HSBC Not Sure How It Was Supposed To Know That A Customer Who Showed Up To Open An Account With A Bag Of Cash Should've Been Flagged By Compliance

This is a thing that literally happened.
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Back in April, a guy whose title at HSBC is, amazingly, "Global Head of Sanctions," warned that even though the bank was working super hard to stop accidentally engaging in practices like working with rogue states and drug cartels, it would be a good long time before it could officially guarantee nothing shady was going down, owing to "the size and scale of HSBC." "It is a cast-iron certain[ty] that...at some point in the future we're going to have some big breach, some regulatory breach," Lee Hale said. And he wasn't just messing around for comic relief, which global heads of sanctions at major banks are sometimes known to do; he was completely serious, because compliance is hard!

The monitor overseeing HSBC’s compliance with a landmark anti-money-laundering settlement has uncovered a range of potential lapses that included the sale of miniskirts to Iran, candy to Syria and the opening of an account by a man in Mexico who had thousands of dollars of cash in a bag, according to a person familiar with the monitor’s findings. In 2012, HSBC Holdings PLC agreed to pay a then-record $1.9 billion to the U.S. Justice Department to settle allegations it failed to spot the laundered proceeds of drug trafficking in Mexico and failed to flag transactions with countries subject to economic sanctions, such as Iran. The monitor’s findings, which date from 2015, suggest that despite three years of efforts to bring compliance systems up to U.S. standards, HSBC is still struggling to meet the terms of the deal. According to HSBC’s annual report released in February, the monitor found progress but expressed “significant concerns” about “instances of potential financial crime” and whether HSBC is on track to meet the settlement’s terms.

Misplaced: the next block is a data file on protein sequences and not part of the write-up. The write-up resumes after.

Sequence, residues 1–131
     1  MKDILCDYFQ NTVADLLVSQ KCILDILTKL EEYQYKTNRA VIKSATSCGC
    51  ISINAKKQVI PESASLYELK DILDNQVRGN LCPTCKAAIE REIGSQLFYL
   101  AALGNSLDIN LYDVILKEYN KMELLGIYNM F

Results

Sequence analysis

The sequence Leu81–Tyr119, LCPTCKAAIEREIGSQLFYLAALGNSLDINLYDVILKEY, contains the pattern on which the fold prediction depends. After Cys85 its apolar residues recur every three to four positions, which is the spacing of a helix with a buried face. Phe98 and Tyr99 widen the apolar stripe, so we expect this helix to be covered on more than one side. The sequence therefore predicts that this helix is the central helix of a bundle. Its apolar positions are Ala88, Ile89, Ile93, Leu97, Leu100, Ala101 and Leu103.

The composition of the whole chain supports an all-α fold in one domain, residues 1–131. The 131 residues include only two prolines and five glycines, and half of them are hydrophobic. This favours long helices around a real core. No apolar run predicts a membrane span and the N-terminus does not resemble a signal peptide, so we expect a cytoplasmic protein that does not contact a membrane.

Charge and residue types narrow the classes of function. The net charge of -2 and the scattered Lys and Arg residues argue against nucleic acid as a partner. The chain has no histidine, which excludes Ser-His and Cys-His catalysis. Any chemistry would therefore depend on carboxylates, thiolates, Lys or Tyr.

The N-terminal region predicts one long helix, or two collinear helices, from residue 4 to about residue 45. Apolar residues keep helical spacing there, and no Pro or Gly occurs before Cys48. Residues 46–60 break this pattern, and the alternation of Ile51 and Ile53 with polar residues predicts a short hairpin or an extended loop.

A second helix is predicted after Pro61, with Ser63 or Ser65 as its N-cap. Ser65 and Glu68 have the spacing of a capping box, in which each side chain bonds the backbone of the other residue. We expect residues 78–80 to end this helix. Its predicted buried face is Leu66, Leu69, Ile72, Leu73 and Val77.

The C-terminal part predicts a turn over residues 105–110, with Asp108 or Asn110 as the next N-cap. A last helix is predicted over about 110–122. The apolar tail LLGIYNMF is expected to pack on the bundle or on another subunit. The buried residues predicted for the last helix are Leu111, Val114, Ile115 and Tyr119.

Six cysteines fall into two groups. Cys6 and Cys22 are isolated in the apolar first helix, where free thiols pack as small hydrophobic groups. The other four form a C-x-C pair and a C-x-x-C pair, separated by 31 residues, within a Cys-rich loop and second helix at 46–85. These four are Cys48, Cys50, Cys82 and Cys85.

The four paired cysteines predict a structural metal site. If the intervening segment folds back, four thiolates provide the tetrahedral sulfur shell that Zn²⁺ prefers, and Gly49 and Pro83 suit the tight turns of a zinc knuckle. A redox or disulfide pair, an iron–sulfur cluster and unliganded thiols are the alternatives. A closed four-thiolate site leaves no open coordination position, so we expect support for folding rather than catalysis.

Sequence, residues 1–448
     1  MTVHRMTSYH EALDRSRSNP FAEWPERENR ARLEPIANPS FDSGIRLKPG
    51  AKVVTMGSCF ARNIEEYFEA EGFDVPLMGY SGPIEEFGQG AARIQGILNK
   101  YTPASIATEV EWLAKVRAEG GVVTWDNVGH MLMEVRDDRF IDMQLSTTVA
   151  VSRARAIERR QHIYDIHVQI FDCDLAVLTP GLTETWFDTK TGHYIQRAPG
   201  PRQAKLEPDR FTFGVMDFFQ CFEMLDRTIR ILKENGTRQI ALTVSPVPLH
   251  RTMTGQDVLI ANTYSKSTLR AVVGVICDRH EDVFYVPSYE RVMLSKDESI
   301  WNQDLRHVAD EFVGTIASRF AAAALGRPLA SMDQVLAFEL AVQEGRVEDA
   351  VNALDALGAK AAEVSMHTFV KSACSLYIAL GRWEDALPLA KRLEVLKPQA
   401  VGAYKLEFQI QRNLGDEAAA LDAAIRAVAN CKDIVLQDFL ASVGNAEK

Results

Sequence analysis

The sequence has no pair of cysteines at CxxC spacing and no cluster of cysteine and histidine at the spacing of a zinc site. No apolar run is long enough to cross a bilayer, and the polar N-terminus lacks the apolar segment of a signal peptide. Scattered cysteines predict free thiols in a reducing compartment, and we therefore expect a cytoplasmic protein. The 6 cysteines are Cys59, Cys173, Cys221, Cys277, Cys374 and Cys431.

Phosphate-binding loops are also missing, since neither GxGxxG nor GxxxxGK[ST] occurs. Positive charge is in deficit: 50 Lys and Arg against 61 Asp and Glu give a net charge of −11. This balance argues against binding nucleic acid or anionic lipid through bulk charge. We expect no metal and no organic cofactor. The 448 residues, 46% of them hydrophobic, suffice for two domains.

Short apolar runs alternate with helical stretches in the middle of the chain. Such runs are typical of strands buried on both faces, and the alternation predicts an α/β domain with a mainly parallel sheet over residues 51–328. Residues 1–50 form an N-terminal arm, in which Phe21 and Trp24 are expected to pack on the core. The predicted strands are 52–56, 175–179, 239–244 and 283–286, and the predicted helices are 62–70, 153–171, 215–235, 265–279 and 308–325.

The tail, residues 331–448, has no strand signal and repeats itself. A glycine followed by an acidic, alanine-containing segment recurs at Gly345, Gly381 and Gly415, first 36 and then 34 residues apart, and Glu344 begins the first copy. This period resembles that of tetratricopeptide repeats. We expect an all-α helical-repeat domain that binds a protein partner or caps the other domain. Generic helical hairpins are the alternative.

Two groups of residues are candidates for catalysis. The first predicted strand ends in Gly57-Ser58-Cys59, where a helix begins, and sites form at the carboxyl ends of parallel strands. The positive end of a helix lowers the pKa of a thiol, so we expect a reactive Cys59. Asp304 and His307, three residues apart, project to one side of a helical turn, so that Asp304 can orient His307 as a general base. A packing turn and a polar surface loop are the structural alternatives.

HSBC Struggles to Bring Money-Laundering Vigilance Up to Snuff [WSJ]

Related: HSBC Executive: Three Things Are Certain: Death, Taxes, And Us Running Afoul of Regulators Again

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